Zwischenzug – the intermediate move

by Efstratios Grivas
1/15/2024 – The term was first used by Fred Reinfeld and Irving Chernev, in 1933. It is a chess tactic in which a player, instead of playing the expected move (commonly a recapture), first interposes another move posing an immediate threat that the opponent must answer, and only then plays the expected move. Leading chess trainer and analyst, GM Efstratios Grivas, tells us how this tactical manoeuvre works.

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Concept

An intermediate move, also known as a "Zwischenzug" (the term is German) or an "intermediate move." It is also known as an intermezzo or in-between move. It is a tactical manoeuvre used to disrupt an opponent's expected sequence of moves. 

So, a zwischenzug is a chess tactic in which a player, instead of playing the expected move (commonly a recapture), first interposes another move posing an immediate threat that the opponent must answer, and only then plays the expected move. It involves making an unexpected move that creates a new threat or complicates the position before responding to the opponent's previous move.

The zwischenzug has a high degree of 'initiative' and can change the situation to the player's advantage, such as by gaining material or avoiding what would otherwise be a strong continuation for the opponent.

Example

Black has a winning position, but goes for 1...Rxh4? An extremely bad move, expecting White to play 2.Qxh4, when Black retains a material advantage. However, White has a zwischenzug: 2.Qd8+ Kh7 3.Qxh4+ Kg8 4.Qxg3 and White has won a rook, leaving him with the somewhat better position.

As with any fairly common chess tactic, it is impossible to pinpoint when the first zwischenzug was played. Here are some rather old examples of zwischenzug:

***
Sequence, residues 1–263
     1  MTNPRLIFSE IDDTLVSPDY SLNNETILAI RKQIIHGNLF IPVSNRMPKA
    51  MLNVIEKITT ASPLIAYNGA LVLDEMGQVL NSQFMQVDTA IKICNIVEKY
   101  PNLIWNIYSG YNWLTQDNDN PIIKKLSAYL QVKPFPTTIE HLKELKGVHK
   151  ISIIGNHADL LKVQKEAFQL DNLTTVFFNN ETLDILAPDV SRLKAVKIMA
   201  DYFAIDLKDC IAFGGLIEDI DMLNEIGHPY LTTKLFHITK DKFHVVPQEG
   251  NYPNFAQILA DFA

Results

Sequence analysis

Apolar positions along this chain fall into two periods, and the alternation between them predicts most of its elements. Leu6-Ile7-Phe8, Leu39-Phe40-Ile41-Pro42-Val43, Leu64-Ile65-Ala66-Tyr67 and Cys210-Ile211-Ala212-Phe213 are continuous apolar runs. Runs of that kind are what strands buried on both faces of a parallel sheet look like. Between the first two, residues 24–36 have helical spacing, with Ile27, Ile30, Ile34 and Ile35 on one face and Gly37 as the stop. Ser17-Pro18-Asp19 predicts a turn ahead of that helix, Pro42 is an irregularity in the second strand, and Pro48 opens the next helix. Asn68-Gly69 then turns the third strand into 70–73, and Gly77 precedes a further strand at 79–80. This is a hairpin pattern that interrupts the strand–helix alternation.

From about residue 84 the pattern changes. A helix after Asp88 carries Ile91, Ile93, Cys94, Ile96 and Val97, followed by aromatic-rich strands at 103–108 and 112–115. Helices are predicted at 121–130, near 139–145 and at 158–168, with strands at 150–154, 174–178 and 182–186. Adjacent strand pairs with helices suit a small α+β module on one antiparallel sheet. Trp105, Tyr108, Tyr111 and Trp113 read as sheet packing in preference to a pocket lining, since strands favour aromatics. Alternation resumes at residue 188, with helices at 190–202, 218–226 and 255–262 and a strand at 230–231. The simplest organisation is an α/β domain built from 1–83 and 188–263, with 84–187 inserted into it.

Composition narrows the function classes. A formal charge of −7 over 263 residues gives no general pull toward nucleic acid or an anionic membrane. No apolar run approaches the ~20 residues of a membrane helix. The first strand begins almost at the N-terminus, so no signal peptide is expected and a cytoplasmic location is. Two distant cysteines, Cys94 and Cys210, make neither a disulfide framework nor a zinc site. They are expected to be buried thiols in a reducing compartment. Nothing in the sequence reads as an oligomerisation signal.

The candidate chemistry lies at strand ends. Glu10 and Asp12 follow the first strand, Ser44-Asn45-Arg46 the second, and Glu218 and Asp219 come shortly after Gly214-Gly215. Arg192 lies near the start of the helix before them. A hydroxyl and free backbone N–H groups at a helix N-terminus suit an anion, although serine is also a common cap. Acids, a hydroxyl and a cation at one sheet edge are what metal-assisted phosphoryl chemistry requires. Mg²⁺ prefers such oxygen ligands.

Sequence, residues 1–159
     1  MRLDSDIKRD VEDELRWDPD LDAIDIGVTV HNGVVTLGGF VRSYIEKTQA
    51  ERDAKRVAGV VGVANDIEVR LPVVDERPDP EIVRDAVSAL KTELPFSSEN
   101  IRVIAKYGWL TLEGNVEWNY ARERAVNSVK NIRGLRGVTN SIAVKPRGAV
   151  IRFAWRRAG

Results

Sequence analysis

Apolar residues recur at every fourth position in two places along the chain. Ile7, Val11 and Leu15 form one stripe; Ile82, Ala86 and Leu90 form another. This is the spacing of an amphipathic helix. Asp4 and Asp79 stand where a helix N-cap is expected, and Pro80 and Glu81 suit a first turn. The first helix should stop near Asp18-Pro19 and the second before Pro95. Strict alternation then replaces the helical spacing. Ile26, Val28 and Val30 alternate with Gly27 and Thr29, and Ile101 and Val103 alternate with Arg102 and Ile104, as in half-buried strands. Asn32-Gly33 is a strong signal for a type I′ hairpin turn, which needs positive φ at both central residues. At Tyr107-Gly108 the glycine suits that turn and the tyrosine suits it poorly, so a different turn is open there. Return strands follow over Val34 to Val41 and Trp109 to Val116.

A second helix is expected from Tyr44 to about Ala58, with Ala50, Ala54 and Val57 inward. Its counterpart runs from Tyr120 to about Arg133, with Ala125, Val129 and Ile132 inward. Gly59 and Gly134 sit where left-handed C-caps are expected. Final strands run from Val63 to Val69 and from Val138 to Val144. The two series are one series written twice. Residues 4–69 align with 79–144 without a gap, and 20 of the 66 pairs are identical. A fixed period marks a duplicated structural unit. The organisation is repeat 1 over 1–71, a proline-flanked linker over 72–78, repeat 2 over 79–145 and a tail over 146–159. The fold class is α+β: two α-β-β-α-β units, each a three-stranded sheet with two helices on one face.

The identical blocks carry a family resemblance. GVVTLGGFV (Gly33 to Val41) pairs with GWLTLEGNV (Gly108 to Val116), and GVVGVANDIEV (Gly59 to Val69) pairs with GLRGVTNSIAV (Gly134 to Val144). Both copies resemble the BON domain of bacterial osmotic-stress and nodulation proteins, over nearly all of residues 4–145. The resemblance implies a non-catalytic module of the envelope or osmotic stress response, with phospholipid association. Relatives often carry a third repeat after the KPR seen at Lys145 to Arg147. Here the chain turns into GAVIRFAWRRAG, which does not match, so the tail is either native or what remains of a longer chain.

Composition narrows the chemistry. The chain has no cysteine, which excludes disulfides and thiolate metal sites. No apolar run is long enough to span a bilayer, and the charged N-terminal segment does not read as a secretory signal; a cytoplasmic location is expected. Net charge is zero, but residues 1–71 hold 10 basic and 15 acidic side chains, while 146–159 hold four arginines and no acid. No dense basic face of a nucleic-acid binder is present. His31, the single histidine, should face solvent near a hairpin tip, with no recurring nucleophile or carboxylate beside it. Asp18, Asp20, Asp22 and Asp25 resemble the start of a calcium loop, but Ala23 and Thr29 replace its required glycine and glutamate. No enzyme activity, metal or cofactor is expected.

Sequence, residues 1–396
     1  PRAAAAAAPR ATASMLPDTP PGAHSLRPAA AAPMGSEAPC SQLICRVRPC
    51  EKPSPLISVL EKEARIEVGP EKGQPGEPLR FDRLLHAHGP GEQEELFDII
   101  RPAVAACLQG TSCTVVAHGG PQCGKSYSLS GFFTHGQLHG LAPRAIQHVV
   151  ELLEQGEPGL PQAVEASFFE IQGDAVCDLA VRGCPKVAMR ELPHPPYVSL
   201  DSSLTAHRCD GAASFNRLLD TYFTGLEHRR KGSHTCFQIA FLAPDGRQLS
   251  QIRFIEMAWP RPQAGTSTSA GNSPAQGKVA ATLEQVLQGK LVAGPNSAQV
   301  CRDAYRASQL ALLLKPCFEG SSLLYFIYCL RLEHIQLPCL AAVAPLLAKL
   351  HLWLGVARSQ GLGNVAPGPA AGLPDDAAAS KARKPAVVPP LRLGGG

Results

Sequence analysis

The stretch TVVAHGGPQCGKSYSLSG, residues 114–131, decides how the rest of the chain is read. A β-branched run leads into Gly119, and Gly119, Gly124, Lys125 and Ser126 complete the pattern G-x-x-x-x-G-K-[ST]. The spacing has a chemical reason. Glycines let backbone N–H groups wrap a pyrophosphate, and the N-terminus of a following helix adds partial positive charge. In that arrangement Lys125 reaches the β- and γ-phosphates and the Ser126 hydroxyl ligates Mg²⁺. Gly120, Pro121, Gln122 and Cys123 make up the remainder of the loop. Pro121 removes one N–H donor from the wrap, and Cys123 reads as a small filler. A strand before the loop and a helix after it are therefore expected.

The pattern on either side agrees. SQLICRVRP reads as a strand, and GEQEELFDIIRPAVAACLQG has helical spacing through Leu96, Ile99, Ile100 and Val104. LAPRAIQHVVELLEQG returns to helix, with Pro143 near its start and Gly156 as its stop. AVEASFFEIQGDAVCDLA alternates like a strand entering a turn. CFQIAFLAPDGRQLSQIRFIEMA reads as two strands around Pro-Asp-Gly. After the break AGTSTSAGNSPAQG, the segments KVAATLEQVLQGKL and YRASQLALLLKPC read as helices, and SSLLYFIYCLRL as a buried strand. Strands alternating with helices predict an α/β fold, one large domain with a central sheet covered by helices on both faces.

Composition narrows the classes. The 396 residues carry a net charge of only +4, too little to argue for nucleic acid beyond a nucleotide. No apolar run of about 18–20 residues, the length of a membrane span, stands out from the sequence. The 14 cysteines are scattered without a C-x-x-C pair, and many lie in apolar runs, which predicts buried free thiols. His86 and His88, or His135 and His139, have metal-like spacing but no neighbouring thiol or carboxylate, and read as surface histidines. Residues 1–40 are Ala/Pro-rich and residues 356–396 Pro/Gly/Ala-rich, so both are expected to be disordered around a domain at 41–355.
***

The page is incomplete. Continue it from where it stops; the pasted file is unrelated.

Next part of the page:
The earliest known use of the term zwischenzug did not occur until after all of these games. According to chess historian Edward Winter, the first known use was in 1933. Fred Reinfeld and Irving Chernev, annotating the next game, called Black's 27th move 'an important zwischenzug'.

Instead of simply taking the bishop Black played 27...Nge3!, winning a piece: 28.Rf3 Kxd8 29.h3 Rg3 30.Rxg3 Nxg3+ 0-1.

Here are some more examples of zwischenzug:

The zwischenzug can be quite useful in 'simple' endgames as well:

White played 44.Kd3! bxc4 45.Kc2! A great zwischenzug! 45...Rg1 46.bxc4 White stays with huge three-pawn advantage.

Conclusion

The zwischenzug can be one of the most powerful tools in the chess tactical arsenal! Calculating better than your opponent is always a great resource and one that will most likely get you closer to a win.

Use the power of the zwischenzug!

Eftratios Grivas

Eftratios Grivas is a Greek grandmaster, senior trainer, FIDE arbiter and organiser. His full CV was provided in part one of this series.


Efstratios (30.03.1966) is a highly experienced chess trainer and chess author. He has been awarded by the International Chess Federation (FIDE) the titles of International Chess Grandmaster, FIDE Senior Trainer, International Chess Arbiter and International Chess Organiser.
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